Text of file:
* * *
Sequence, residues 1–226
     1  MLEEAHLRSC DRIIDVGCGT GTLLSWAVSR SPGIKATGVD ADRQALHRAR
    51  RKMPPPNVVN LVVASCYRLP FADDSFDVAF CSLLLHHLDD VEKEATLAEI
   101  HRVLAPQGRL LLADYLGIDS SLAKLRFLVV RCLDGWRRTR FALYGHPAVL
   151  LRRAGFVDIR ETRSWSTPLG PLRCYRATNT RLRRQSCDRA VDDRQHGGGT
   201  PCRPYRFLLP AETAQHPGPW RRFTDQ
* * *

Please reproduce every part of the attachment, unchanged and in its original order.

Sequence, residues 1–226
     1  MLEEAHLRSC DRIIDVGCGT GTLLSWAVSR SPGIKATGVD ADRQALHRAR
    51  RKMPPPNVVN LVVASCYRLP FADDSFDVAF CSLLLHHLDD VEKEATLAEI
   101  HRVLAPQGRL LLADYLGIDS SLAKLRFLVV RCLDGWRRTR FALYGHPAVL
   151  LRRAGFVDIR ETRSWSTPLG PLRCYRATNT RLRRQSCDRA VDDRQHGGGT
   201  PCRPYRFLLP AETAQHPGPW RRFTDQ